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Ohio State students express concern for relatives, friends in Venezuela, Thailand during protests

Anti-government protesters rally in Bangkok Feb. 26. Credit: Courtesy of MCT

Anti-government protesters rally in Bangkok Feb. 26.
Credit: Courtesy of MCT

Some Ohio State students from Venezuela and Thailand are concerned about ongoing protests and violence in their countries.

Protests in Venezuela started earlier this month as students demanded increased security after a female student reported an attempted rape. Other opposition groups joined in the protests, which are demanding a variety of things, including the release of people arrested during previous marches, increased security and increased freedom of information.

At least 13 people have died because of the protests.

Antonio Armas, a fourth-year in economics and mathematics from Venezuela, said he attended a gathering Saturday in downtown Columbus to protest the violence in his country.

“There were 50 to 60 people there,” Armas said. “People (were) there showing their signs, singing some protest songs. They were just peacefully (speaking) out (about) what is going on.”

Armas said the protests in Venezuela were essentially caused by the corruption of the government along with social and economic problems.

“There are a lot of college students (protesting) these issues,” Armas said. “These students are from public universities, private universities. They are from all types of social classes.”

Protests are currently upsetting Thailand as well.

In November, Thailand’s government did not pass an amnesty bill that would have allowed former leader Thaksin Shinawatra to return to the country without penalty, though Shinawatra was overthrown in a military coup in 2006 and was convicted of corruption. People continued protesting after the bill’s defeat, though, with mostly urban and middle-class voters calling for a reformed political system that would emphasize an unbiased democracy.

Pavinee Suttiviriya, an OSU graduate student in plant pathology from Thailand, said there have been rumblings for years, but the protests only recently started in full force.

“It did not become big until last November when the prime minister was trying to pass the amnesty bill,” Suttiviriya said.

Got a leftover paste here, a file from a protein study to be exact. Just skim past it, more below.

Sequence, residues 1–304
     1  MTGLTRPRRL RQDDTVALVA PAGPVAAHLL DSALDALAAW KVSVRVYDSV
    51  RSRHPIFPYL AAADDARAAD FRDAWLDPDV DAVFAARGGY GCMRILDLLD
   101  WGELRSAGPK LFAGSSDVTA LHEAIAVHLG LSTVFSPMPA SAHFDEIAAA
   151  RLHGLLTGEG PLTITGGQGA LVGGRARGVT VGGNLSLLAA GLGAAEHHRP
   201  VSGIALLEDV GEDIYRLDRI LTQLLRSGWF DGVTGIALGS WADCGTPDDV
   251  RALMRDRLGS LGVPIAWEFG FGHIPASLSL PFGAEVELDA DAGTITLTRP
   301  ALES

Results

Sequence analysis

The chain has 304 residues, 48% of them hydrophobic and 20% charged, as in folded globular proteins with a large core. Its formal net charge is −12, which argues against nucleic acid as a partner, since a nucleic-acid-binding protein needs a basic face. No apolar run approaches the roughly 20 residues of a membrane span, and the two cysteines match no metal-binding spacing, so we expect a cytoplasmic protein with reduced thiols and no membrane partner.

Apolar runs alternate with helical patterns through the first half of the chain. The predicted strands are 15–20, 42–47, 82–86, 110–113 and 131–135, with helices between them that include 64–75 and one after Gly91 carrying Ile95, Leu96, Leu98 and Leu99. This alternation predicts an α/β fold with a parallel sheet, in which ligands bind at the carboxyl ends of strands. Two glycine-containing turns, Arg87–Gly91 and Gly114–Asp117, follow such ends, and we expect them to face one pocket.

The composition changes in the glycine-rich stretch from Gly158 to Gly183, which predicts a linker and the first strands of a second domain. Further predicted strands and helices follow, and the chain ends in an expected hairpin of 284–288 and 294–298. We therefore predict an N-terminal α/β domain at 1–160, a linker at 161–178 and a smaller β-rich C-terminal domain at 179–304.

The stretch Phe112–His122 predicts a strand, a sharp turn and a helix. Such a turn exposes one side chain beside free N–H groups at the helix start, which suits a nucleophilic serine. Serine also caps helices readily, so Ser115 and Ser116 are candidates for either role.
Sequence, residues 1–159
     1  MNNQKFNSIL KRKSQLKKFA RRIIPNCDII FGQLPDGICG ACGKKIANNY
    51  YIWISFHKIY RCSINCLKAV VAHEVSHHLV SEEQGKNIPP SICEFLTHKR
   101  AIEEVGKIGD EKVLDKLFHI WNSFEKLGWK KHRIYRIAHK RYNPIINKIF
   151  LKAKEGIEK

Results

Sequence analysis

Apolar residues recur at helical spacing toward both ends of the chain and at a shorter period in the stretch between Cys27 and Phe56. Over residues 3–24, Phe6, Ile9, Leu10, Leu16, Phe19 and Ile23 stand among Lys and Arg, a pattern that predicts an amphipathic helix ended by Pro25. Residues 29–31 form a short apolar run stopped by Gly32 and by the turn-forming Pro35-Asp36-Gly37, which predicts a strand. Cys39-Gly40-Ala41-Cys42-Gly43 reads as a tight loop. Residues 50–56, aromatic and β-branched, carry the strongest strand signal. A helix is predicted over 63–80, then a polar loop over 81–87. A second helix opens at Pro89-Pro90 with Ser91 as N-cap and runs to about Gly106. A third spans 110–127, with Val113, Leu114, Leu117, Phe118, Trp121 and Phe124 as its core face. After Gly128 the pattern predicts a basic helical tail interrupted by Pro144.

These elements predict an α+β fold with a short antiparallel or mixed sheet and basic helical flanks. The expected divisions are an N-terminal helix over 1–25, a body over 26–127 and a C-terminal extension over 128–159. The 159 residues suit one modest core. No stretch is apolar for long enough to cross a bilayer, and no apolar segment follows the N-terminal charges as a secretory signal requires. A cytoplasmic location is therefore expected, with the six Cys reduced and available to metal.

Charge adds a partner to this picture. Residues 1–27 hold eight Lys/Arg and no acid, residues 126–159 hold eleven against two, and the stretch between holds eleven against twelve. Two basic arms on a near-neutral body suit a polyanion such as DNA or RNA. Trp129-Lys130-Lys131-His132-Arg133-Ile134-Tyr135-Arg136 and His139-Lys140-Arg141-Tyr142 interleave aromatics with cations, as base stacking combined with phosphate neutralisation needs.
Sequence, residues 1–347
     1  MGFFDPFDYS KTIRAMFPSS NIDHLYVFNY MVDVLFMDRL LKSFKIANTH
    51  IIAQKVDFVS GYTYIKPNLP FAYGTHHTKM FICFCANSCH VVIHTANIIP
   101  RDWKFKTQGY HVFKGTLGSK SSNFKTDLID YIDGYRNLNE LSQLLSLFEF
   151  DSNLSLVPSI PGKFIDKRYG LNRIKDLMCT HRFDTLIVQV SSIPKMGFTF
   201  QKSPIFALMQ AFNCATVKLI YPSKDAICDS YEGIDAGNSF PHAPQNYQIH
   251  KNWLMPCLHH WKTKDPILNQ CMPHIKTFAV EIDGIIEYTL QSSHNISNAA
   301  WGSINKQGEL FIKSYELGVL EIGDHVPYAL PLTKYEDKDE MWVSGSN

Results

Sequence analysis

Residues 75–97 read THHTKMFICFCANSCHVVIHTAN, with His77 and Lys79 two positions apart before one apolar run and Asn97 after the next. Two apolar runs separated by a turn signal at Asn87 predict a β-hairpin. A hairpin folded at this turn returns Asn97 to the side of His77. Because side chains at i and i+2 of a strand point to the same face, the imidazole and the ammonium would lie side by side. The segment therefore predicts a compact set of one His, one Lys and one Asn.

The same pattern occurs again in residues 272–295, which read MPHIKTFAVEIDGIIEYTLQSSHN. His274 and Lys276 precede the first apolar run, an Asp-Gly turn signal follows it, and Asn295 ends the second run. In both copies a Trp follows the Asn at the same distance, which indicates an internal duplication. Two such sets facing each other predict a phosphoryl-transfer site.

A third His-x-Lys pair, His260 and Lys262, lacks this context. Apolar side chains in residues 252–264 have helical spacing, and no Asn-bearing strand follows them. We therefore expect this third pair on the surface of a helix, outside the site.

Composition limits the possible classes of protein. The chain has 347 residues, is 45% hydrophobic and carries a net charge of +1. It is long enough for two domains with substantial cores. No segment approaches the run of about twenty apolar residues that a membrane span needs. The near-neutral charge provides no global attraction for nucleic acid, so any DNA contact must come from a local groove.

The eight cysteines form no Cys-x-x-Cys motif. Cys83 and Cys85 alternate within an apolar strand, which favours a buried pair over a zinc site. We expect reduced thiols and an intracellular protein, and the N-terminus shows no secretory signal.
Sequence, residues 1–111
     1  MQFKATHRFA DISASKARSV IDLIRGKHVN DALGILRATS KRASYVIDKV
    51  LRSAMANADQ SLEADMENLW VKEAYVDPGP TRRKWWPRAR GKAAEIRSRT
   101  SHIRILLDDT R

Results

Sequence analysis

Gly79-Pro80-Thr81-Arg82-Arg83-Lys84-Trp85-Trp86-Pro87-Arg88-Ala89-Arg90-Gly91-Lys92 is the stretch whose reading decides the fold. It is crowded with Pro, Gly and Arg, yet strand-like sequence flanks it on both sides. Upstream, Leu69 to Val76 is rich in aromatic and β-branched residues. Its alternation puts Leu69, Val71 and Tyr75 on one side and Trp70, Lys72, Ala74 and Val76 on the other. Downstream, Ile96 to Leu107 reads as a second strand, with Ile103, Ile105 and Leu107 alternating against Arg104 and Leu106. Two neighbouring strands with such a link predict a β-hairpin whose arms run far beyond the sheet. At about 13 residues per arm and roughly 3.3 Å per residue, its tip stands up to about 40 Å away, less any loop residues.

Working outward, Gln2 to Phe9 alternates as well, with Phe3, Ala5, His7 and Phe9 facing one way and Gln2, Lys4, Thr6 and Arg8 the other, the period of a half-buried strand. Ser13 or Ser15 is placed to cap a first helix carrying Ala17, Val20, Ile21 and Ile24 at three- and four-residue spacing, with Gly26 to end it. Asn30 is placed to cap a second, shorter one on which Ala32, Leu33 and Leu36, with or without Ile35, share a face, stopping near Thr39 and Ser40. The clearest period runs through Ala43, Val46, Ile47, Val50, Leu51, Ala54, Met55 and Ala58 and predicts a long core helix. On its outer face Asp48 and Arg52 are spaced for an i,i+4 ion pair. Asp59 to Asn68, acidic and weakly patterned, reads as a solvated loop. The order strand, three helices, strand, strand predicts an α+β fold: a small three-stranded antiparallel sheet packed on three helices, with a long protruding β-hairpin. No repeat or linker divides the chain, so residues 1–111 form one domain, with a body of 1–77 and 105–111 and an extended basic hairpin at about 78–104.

Both Armas and Suttiviriya said many of their friends have been participating in the protests in their respective countries.

“I have some friends … protesting on streets and they sent me pictures of people (who were) attacked by rubber bullets,” Armas said. “In the past week, I’ve been (concerned) about the safety of many of my friends who attended the protests and also the safety of my family members.”

Suttiviriya said she, too, knows people protesting.

“My friends and some of my previous professors (in Thailand) are involved,” Suttiviriya, who attended undergraduate school in Thailand, said. “They want (Prime Minister) Yingluck (Shinawatra) to return the power.”

Shinawatra has been accused of running a corrupt government and is under pressure to step down.

Varittha Sanphuang, a graduate student in electrical and computer engineering from Thailand, said she is worried about her family living in Bangkok.

“My mom attends (the) protest sometimes and all my three sisters go there almost every day,” Sanphuang said.

Armas said he hopes other students at OSU make an effort to understand what’s happening in his home country.

“(Students in Venezuela) are just very (concerned) about the future of the country,” Armas said. “They do not (want) to harm anybody.”

Suttiviriya said she has been praying for her country to “pass this hard time.”

“Even though there are some conflicts, we still love each other,” Suttiviriya said. “It’s just we have different thoughts. So I think if we pass this situation, our country is gonna be the same.”

Sanphuang agreed.

“We can think differently, but we are all still Thai,” Sanphuang said. “I hope this protest (will) end soon.”

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